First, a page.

reduplication


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Related to reduplication: affixation

re·du·pli·ca·tion

 (rĭ-do͞o′plĭ-kā′shən, -dyo͞o′-)
n.
1. The act of reduplicating or the state of being reduplicated.
2. The product or result of reduplicating.
3. Linguistics
a. A word formed by or containing a reduplicated element.
b. The added element in a word form that is reduplicated.

re·du′pli·ca′tive adj.
re·du′pli·ca′tive·ly adv.

reduplication

(rɪˌdjuːplɪˈkeɪʃən)
n
1. the process or an instance of redoubling
2. the state, condition, or quality of being redoubled
3. a thing that has been redoubled
4. (Linguistics) repetition of a sound or syllable in a word, as in the formation of the Latin perfect tetigi from tangere "touch"

re•du•pli•ca•tion

(rɪˌdu plɪˈkeɪ ʃən, -ˌdyu-)

n.
1. an act or instance of reduplicating; the state of being reduplicated.
2.
a. reduplicating as a grammatical pattern.
b. the added element in a reduplicated form.
c. a word formed by reduplication, as hush-hush or helter-skelter.
[1580–90; < Late Latin reduplicātiō. See reduplicate, -tion]
ThesaurusAntonymsRelated WordsSynonymsLegend:
Noun1.reduplication - repetition of the final words of a sentence or line at the beginning of the next
repetition - the repeated use of the same word or word pattern as a rhetorical device
2.reduplication - the syllable added in a reduplicated word form
syllable - a unit of spoken language larger than a phoneme; "the word `pocket' has two syllables"
3.reduplication - a word formed by or containing a repeated syllable or speech sound (usually at the beginning of the word)
word - a unit of language that native speakers can identify; "words are the blocks from which sentences are made"; "he hardly said ten words all morning"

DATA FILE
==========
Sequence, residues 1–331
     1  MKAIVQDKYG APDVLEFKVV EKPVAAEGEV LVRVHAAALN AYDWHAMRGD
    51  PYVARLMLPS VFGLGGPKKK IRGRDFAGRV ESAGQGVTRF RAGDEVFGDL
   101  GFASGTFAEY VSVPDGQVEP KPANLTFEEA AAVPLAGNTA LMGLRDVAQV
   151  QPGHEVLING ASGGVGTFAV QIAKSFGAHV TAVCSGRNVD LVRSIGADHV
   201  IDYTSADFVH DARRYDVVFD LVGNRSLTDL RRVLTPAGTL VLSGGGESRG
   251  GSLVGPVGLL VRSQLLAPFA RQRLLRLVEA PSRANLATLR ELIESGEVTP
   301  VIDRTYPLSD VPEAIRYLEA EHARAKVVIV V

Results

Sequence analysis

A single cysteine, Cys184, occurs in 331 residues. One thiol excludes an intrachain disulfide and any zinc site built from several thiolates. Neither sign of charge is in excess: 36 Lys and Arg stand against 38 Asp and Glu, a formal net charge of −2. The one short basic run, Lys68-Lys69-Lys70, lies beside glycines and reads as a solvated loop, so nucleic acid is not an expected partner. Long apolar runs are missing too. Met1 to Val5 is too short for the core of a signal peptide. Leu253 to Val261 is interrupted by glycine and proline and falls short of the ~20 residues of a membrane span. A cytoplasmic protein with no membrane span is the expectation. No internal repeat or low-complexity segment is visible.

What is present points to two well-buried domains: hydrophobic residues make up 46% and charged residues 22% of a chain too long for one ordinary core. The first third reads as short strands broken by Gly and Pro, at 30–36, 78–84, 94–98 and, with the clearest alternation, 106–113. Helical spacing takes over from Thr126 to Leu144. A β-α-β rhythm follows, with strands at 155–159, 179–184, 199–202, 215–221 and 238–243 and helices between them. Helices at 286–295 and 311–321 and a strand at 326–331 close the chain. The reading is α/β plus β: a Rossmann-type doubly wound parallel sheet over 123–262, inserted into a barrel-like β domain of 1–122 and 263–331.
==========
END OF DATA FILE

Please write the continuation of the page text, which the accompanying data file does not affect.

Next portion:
4.reduplication - the act of repeating over and again (or an instance thereof)
repeating, repetition - the act of doing or performing again

reduplication

noun
Something closely resembling another:
Archaic: simulacre.
Translations

reduplication

[rɪˌdjuːplɪˈkeɪʃən] Nreduplicación f

reduplication

nWiederholung f; (Ling) → Reduplikation f
References in classic literature ?
Cousin Caroline was a lady of very imposing height and circumference, but in spite of her size and her handsome trappings, there was something exposed and unsheltered in her expression, as if for many summers her thin red skin and hooked nose and reduplication of chins, so much resembling the profile of a cockatoo, had been bared to the weather; she was, indeed, a single lady; but she had, it was the habit to say, "made a life for herself," and was thus entitled to be heard with respect.
The conditions of the sentience had been here, he imagined, fulfilled in the method of collocation of these stones--in the order of their arrangement, as well as in that of the many fungi which overspread them, and of the decayed trees which stood around-- above all, in the long undisturbed endurance of this arrangement, and in its reduplication in the still waters of the tarn.
Our 100 basic comparables represent 12 complex comparables, including prefixation, suffixation, prefixal-suffixal derivation, circumfixation, infixation, postfixation, compounding, conversion, reduplication, blending and internal modification.
Margot van den Berg explores derivational morphology in early Sranantongo, Akan, and Gbe, and Aboh and Smith investigate reduplication in Gbe and the creoles.
In this work, the examination is based on the notion of authorized data reduplication was proposed to protect the information security by including different privileges of users this two-factor information security protection mechanism for cloud storage system, in which a data sender is permitted to scramble the information with learning of the personality of a recipient just, while the beneficiary is required to utilize both his/her mystery key and a security gadget to access the data.
71); if anything they reflect partial reduplication, a well-attested historical process in Malay.
BIN4, a novel component of the plant DNA topoisomerase VI complex, is required for endo reduplication in Arabidopsis.
This assumes that all languages have segmentable morphemes as their smallest meaningful unit, as such have affixation as the only morphological process while taking other processes like reduplication as special affixation.
Reduplication cyst of appendix with mucinous carcinoma and Mullerian metaplasia: a case report.
Develop and maintain an algorithm for reduplication of the acquired data.
Drawing on insights from previous, mostly cross-linguistic, research, Mattes analyzes in detail one reduplication system of one language, Bikol, an Austronesian language spoken in the Philippines.
merely a little; pina lan kelan dalo' they have got just that much," while its reduplication pina-pina translates as "not to be seen; unseen; pina-pina pah ika' em jam akui tinih it seems that you didn't see me here.